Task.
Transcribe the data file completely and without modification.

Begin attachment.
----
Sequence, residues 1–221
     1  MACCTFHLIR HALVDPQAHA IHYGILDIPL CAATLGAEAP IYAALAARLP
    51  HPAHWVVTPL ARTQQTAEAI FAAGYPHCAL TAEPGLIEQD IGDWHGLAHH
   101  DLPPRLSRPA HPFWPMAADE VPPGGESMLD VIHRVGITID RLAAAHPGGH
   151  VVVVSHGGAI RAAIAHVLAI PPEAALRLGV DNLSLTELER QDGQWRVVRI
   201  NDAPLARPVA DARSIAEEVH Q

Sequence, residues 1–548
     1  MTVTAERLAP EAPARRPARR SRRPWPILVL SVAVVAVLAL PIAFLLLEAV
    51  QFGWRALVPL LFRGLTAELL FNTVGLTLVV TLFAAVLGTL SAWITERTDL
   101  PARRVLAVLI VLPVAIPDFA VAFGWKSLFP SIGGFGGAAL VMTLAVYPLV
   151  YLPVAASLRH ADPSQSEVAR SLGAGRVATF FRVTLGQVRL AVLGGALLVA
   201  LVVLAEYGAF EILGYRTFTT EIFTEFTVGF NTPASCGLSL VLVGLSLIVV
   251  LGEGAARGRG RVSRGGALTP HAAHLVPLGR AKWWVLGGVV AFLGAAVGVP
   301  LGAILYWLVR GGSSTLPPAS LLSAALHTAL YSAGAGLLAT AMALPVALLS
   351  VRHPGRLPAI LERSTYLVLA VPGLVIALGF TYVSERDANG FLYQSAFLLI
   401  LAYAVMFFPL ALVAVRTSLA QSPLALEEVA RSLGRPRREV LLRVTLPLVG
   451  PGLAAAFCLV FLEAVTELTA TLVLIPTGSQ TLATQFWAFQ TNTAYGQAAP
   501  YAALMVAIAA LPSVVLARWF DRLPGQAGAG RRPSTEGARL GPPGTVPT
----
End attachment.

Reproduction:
Sequence, residues 1–221
     1  MACCTFHLIR HALVDPQAHA IHYGILDIPL CAATLGAEAP IYAALAARLP
    51  HPAHWVVTPL ARTQQTAEAI FAAGYPHCAL TAEPGLIEQD IGDWHGLAHH
   101  DLPPRLSRPA HPFWPMAADE VPPGGESMLD VIHRVGITID RLAAAHPGGH
   151  VVVVSHGGAI RAAIAHVLAI PPEAALRLGV DNLSLTELER QDGQWRVVRI
   201  NDAPLARPVA DARSIAEEVH Q

Sequence, residues 1–548
     1  MTVTAERLAP EAPARRPARR SRRPWPILVL SVAVVAVLAL PIAFLLLEAV
    51  QFGWRALVPL LFRGLTAELL FNTVGLTLVV TLFAAVLGTL SAWITERTDL
   101  PARRVLAVLI VLPVAIPDFA VAFGWKSLFP SIGGFGGAAL VMTLAVYPLV
   151  YLPVAASLRH ADPSQSEVAR SLGAGRVATF FRVTLGQVRL AVLGGALLVA
   201  LVVLAEYGAF EILGYRTFTT EIFTEFTVGF NTPASCGLSL VLVGLSLIVV
   251  LGEGAARGRG RVSRGGALTP HAAHLVPLGR AKWWVLGGVV AFLGAAVGVP
   301  LGAILYWLVR GGSSTLPPAS LLSAALHTAL YSAGAGLLAT AMALPVALLS
   351  VRHPGRLPAI LERSTYLVLA VPGLVIALGF TYVSERDANG FLYQSAFLLI
   401  LAYAVMFFPL ALVAVRTSLA QSPLALEEVA RSLGRPRREV LLRVTLPLVG
   451  PGLAAAFCLV FLEAVTELTA TLVLIPTGSQ TLATQFWAFQ TNTAYGQAAP
   501  YAALMVAIAA LPSVVLARWF DRLPGQAGAG RRPSTEGARL GPPGTVPT